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With Crikey presently travelling in America, we’ll run anyone dumping on the people responsible for our dud dollar. Former BRW journalist Tim Watts is our man in Boston and this is his take on the droopy dollar and our straight-jacket Treasurer.

Costello has a great story to tell about the prospects of the Australian economy. We have a highly skilled, English-speaking workforce with strong ties to Asia, advanced technological infrastructure, four years of world-beating growth in productivity and output, low inflation and low unemployment.

Yet according to The Economist we have the most undervalued currency in the developed world. Ian Macfarlane, that one trick pony down at the Reserve Bank, is getting antsy because he knows a low dollar leads to inflation and keeps pulling his one trick: increasing interest rates. Unfortunately, hikes in interest rates have no real track record of boosting the currency and they hurt small business, stifle household spending and put people out of work. If the dollar doldrums continue, the repercussions will not be pleasant.

Costello is being advised that the currency trading teams in investment firms across the globe look for “fundamentals” in an economy: they want to see strong growth, low inflation and fiscal discipline from government. Yeah, right. These people are part of the crew which has driven the US stockmarket to record highs by buying stock in internet businesses with one characteristic in common: a glaring lack of “fundamentals”.

Your average high-tech start-up company has no profit history and huge debts, but oodles of something economists like to call “expected future demand”. The executives running the most successful of these companies are brilliant at creating a perception that the future holds amazing profits for their businesses. Investors support them, they get access to the funds to build their businesses and they surf to success on a wave of self-generated optimism. Expected demand leads to real demand and real growth. Hype matters.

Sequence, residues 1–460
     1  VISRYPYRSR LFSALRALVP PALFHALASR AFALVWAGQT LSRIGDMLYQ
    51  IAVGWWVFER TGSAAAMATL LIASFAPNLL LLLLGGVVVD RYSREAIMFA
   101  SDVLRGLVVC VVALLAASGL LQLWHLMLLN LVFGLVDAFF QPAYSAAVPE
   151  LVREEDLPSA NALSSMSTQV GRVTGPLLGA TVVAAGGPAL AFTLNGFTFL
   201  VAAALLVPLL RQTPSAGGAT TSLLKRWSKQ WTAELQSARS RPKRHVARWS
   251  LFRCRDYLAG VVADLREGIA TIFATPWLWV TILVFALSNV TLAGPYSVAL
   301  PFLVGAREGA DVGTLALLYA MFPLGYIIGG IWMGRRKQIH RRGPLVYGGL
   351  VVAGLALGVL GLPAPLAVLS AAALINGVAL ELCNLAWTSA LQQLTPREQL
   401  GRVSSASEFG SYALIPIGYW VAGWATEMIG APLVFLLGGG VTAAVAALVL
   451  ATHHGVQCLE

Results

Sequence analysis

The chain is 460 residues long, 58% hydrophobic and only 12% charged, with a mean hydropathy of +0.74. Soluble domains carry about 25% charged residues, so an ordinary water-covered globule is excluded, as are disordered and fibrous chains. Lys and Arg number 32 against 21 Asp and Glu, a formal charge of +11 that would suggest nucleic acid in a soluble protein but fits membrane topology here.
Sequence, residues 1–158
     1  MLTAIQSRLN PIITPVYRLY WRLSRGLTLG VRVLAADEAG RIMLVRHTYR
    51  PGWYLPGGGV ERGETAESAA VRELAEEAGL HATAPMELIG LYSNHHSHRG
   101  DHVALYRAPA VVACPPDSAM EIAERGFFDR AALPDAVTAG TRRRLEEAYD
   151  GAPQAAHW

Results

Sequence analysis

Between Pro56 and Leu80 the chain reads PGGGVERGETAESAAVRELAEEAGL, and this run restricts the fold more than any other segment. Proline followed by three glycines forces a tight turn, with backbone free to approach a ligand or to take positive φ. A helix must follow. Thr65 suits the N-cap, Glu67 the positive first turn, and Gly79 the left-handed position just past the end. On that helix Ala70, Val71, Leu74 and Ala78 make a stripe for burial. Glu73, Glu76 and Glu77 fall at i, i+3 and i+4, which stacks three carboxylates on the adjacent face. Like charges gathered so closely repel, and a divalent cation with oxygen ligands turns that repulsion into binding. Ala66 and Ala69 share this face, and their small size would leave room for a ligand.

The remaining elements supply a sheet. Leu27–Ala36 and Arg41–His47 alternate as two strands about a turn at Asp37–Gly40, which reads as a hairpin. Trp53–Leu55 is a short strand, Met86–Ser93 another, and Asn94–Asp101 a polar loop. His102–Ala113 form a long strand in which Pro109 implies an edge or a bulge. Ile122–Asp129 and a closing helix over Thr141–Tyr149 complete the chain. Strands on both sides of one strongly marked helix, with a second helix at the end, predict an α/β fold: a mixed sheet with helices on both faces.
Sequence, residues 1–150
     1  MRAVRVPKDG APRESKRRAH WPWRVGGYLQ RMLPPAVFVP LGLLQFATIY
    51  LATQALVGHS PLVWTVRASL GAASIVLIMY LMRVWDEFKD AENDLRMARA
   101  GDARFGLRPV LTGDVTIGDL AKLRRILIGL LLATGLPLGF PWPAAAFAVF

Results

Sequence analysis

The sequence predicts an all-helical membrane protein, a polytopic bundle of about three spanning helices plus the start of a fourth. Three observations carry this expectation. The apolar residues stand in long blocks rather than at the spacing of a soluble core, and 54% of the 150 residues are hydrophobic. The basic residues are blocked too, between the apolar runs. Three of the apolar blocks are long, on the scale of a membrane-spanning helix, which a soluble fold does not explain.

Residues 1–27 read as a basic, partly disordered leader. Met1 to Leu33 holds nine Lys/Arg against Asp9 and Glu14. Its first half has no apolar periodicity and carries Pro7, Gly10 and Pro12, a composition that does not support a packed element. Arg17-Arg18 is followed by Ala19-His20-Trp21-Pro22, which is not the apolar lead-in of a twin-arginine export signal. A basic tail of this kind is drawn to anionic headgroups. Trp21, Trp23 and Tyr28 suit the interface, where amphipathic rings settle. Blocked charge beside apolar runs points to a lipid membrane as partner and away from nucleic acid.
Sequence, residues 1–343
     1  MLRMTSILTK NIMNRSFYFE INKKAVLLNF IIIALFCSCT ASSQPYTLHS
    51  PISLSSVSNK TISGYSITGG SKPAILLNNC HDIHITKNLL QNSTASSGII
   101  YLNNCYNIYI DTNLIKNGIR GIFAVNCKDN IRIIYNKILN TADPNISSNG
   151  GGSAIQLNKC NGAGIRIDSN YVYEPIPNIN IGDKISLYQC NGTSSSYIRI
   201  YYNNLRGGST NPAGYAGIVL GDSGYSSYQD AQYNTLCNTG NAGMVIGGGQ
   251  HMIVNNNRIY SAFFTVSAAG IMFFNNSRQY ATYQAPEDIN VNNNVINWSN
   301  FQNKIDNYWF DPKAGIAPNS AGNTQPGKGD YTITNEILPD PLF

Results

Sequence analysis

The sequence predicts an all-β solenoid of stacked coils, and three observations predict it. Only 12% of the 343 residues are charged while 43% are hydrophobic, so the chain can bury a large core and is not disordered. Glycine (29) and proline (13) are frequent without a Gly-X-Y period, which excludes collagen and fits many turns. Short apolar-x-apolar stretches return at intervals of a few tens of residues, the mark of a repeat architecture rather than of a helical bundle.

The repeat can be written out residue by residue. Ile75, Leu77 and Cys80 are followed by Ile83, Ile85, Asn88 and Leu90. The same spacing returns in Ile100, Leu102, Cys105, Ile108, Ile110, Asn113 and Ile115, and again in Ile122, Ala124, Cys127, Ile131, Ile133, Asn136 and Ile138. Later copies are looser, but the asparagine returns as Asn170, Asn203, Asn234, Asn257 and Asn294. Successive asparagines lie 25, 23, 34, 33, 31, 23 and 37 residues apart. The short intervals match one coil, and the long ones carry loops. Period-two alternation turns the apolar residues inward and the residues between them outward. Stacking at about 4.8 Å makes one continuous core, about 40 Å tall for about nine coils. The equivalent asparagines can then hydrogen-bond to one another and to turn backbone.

In his bestselling biography of Silicon Valley billionaire Jim Clark (founder of Silicon Graphics, Netscape and Healtheon), Michael Lewis describes Clark as more “conceptual artist” than business man. He says Clark’s most remarkable trait is his ability to imagine what the future of industry could look like and to generate excitement about this future in the investment community.

Peter Costello isn’t running a start-up company. But he’s in thrall to the global investment community as much as the next dot-com entrepreneur. Building a picture of the future of the Australian economy and getting the markets to buy into his vision is a one of the keys to his job. Right now, there’s no buzz. Costello is failing the hype-test miserably.

When currency traders are asked about Australia we typically hear the old line trotted out about how Australia is perceived as an “old” economy, reliant on mining and agriculture. This is why our currency is undervalued.

This perception is about 15 years out of date. The Australian economy is not a backwater. Exports from the manufacturing and services sectors are growing faster than any other category, including mining and agriculture. We’re a young, vibrant, innovative nation with more than our fair share of high-tech success stories.

As Treasurer, Costello has the markets’ ear. From his haranguing performances in parliament, we know he’s capable of speaking passionately about issues he cares deeply about. But whenever he makes public statements on the economy he gets caught up in technical gravitas and party politics.

The currency crisis is serious. It’s time for the Treasurer to stand up and make the global financial community pay attention. The Australian economy is worth getting excited about.

(Tim Watts reports on US business and politics for BRW and The Age from Boston.)

Peter Fray

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